CA: Do you have any comments on the Michael Dunn verdict that came out today? Or the Trayvon Martin case from last year?
I knew you were going to ask that. I'm not sure it's appropriate for me to comment on the jury verdict in the Dunn case specifically because I haven't followed it as closely as the Trayvon case. What I find is that both of these cases and others like Oscar Grant show is that people are losing trust in the Judicial system.
People are getting angry with with verdicts. As a Judge I will not be the arbiter of guilt or innocence but I would promise that I would preside over a trial with fairness, decorum, and making sure that everyone has a level playing field.
CA: What kind of funds are you hoping to raise and what would you plan on using them for?
MW: I'm anticipating that I need to run 30-40k for the primary. Going back to your earlier question about how this compares to political campaigns and involvement. I'm also discouraged from directly raising funds. My committee is suppose to raise the money.
Money raised would go toward signs, push cards, radio, canvassing, and other avenues of getting out my message. The campaign covers a very large area
of course we have a website www.supportmartin.com where folks can learn more about the campaign and donate.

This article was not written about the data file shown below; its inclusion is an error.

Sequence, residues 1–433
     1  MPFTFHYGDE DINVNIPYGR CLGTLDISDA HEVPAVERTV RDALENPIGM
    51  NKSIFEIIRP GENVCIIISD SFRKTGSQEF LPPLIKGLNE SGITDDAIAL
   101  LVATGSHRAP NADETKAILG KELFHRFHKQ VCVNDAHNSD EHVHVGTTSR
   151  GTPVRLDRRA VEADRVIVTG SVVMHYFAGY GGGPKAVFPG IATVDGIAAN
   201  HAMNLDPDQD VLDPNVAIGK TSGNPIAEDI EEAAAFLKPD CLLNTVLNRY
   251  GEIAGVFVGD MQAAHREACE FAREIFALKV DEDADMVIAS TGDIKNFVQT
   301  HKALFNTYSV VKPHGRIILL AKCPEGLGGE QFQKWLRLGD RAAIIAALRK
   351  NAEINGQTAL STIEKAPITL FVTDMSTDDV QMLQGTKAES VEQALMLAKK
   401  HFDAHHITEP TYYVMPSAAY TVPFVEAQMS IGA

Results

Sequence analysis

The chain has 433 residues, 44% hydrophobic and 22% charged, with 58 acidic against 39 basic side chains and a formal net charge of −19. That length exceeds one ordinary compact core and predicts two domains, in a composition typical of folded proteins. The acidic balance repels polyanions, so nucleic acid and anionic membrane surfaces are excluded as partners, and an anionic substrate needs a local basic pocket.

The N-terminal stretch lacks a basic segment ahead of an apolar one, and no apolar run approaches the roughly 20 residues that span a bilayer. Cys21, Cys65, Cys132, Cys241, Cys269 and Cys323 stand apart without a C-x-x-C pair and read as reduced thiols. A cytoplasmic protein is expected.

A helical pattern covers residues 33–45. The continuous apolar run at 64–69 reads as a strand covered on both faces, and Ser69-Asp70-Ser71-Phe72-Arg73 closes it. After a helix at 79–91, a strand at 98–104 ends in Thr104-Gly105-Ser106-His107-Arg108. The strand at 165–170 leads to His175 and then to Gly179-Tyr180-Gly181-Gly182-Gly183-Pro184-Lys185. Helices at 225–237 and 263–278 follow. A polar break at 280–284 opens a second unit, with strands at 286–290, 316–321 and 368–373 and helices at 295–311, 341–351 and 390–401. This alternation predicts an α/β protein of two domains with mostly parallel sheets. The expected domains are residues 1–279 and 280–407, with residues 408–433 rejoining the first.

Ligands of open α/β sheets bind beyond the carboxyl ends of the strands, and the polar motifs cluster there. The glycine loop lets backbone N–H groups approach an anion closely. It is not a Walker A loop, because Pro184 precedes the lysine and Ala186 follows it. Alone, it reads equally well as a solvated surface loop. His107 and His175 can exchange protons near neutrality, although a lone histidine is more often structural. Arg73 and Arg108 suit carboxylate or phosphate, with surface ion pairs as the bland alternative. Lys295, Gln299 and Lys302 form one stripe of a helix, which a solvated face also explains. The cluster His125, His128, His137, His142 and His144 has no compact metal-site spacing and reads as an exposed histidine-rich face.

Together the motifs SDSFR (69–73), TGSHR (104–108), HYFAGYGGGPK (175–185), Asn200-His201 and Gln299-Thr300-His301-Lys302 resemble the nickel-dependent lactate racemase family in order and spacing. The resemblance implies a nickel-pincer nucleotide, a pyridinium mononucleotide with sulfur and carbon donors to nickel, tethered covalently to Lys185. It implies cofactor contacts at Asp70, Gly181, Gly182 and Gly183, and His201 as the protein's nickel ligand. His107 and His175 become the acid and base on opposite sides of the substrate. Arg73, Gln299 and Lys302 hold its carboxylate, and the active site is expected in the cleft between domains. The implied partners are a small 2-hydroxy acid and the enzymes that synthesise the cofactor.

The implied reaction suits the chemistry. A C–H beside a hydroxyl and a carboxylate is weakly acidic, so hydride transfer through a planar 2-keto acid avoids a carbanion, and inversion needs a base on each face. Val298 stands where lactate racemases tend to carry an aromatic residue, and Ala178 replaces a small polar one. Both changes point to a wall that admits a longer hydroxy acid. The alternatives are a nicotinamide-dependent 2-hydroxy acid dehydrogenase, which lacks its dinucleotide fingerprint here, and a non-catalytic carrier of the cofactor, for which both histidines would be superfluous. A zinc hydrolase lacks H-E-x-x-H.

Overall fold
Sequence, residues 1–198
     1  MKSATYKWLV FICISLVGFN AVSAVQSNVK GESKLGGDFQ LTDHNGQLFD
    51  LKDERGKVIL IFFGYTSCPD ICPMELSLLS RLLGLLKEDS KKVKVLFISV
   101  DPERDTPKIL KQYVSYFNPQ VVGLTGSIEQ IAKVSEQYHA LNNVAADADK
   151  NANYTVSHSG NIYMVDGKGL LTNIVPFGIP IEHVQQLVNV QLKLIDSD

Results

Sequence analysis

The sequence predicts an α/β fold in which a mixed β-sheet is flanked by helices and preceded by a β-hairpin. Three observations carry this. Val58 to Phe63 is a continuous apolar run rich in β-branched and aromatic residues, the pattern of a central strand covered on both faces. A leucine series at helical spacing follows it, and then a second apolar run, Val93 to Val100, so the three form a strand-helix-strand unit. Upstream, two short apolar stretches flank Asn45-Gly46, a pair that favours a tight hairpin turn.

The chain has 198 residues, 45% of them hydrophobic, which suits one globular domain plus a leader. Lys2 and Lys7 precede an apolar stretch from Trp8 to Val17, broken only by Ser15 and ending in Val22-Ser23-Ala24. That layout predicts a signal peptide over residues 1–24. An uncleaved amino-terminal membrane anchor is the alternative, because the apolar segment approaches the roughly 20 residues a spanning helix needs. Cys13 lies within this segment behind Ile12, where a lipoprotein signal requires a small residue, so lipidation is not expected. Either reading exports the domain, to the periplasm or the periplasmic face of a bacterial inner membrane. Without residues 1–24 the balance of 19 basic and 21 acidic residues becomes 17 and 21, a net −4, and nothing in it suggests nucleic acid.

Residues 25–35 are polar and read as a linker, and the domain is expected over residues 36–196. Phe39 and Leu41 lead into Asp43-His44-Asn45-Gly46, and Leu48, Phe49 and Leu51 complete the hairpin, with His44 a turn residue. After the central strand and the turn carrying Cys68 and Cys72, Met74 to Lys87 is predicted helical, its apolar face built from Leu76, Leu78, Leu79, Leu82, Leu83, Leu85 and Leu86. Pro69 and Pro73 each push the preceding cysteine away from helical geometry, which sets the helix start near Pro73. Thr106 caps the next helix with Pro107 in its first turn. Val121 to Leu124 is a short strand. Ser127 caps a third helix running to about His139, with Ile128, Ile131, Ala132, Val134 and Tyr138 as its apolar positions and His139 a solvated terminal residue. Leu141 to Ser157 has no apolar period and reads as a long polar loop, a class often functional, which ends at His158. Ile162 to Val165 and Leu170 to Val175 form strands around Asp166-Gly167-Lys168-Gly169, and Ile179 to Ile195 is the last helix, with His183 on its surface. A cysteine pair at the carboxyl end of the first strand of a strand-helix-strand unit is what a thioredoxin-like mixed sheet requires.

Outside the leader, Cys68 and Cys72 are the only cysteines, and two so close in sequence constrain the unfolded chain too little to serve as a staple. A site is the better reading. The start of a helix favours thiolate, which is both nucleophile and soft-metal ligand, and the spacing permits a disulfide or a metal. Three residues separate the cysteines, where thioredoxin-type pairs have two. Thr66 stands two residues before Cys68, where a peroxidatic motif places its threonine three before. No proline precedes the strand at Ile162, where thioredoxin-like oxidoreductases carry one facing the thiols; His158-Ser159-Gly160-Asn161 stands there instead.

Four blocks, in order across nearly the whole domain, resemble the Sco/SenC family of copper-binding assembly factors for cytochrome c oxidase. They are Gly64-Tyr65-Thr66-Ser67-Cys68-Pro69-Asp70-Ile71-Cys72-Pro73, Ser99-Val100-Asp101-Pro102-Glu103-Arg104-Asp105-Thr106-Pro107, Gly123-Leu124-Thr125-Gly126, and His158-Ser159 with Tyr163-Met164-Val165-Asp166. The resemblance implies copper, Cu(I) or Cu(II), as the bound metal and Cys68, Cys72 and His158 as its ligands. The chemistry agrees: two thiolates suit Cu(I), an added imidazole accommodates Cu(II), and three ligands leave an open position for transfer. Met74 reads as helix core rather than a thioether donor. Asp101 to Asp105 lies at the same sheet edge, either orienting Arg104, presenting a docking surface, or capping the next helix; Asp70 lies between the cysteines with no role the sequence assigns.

CA: is there someone currently in that seat?
There is. The Judge that was in this seat for many years resigned in 2013. Appointed by the Republican Governor was a Republican Judge who lost his reelection in 2012.
However, our county has gotten significantly more Democratic even though the State has become more republican over the past several years.
First I've got primary opposition though. At this point I've got to just get my name out there and let folks learn what I'm about. What I want to do is spend a lot of time educating voters about what this position does and how the courts work. Most people don't know.
CA: if elected, what happens to your practice?
MW: i would have to wind it up between the general and the election. that has always made it a tough decision. i love practicing but I think that this is my calling and I would make sure that my clients are taken care of by other competent attorneys.
CA: how does the position you're running for compare to being a Supreme court justice? How much discretion would you have in interpreting the law?
MW: i think that there is always room for interpretation. of course my decisions on procedural matters can always be appealed to the criminal court of appeals and onward to the state supreme court.
There have been some new sentencing guidelines that have been instituted which take a lot of discretion out. In some respects it does provide some consistency and the intention was to have presumptive sentences where those convicted or who plea guilty don't get jail time for low level drug and theft crimes.
CA: good stuff thanks
MW: thanks for doing it.
Martin's website is up at http://www.supportmartin.com, if you have a few dollars to spare he could sure put them to use!